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    2. 1.2predicative Not affected or influenced by something.
      ‘no one is immune to his immense charm’
      • ‘His ambition fueled him onward, rendering him immune to pain or trivial distractions.’
      • ‘Analyses and opinions were not immune to those influences.’
      • ‘Ohhhhhh but I am not easily affected by any man - I am immune!’
      • ‘Being supposedly immortal did not make me immune to pain.’
      • ‘So maybe I'm not completely immune to those seasonal influences either…’
      • ‘I guess there are only so many classics and back home you almost become immune to their charms.’
      • ‘We could see their love and it rubbed off on us - or at least it rubbed off on those not so opposed to the man as to be immune to such influence.’
      • ‘The political class has become largely immune to the heartache of war.’
      • ‘Graceful and outgoing to others, they seem almost immune to tension and anxiety.’
      • ‘Hidden behind ever-present sunglasses, he appeared immune to pressure.’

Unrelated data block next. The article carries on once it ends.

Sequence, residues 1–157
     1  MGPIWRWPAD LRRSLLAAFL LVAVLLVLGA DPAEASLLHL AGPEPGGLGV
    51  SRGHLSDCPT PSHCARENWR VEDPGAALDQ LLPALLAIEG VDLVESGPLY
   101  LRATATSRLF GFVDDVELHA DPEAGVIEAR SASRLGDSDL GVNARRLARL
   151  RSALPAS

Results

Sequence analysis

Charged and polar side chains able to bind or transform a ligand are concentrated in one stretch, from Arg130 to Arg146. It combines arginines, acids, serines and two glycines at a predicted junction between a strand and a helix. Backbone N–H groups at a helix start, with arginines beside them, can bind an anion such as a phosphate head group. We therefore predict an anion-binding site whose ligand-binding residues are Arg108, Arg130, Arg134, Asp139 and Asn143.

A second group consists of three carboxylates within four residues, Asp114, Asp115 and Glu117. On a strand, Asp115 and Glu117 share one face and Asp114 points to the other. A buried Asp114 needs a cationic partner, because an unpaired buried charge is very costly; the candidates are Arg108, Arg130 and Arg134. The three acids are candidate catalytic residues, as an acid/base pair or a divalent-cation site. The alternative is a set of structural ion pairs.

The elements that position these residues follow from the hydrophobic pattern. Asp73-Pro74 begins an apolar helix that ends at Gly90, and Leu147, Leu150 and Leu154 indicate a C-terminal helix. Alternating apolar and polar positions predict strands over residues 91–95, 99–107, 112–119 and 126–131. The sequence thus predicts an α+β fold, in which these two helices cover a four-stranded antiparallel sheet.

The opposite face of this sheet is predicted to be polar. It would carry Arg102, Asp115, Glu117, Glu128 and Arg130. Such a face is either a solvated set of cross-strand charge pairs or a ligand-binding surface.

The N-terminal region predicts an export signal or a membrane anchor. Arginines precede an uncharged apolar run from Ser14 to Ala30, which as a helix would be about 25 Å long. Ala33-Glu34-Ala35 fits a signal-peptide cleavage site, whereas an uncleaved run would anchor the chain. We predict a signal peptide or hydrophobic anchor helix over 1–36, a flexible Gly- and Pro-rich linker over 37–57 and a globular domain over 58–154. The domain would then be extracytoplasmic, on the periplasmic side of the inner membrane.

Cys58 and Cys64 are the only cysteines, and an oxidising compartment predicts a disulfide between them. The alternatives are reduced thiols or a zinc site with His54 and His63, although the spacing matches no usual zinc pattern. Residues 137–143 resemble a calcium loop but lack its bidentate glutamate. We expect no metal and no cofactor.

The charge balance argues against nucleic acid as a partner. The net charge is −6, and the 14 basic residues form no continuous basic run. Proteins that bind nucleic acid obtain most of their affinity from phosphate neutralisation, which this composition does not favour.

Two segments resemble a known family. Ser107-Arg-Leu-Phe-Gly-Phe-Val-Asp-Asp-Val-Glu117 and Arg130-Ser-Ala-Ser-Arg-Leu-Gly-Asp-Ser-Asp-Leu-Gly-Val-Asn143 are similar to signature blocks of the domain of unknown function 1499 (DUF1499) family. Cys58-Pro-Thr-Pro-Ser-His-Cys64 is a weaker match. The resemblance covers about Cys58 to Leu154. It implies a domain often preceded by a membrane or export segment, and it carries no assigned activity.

• ‘Foreign policy coordination is mostly immune to specific goals or timetables.’
      • ‘Consumer electronics has so far appeared relatively immune to the economic downturn.’
      • ‘Is reform possible in a people so immune to reason?’
      • ‘This is unfortunate, since he has usually been immune to such literary affectations.’
      • ‘Even though men are often centralised in these knowledge systems, it does not mean that they are immune to their influence.’
      • ‘At the same time, the hype notwithstanding, large parts of the country remain immune to media influence.’
      unchanged, unaltered, uninfluenced
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    3. 1.3Biology attributive Relating to immunity.
      ‘the body's immune system’
      • ‘Rejection is the term applied to the natural immune response to foreign tissue.’
      • ‘Several studies have been undertaken using this natural immune modulator.’
      • ‘Glutamine also nourishes muscle, gut and immune cells directly, reducing protein loss.’
      • ‘People with immune suppression or underlying lung disease are more susceptible to fungal infections.’
      • ‘Vitamin C is necessary for collagen formation, proper immune function, and as a tissue antioxidant.’


Late Middle English (in the sense ‘free from (a liability’)): from Latin immunis ‘exempt from public service or charge’, from in- ‘not’ + munis ‘ready for service’. Senses relating to physiological resistance date from the late 19th century.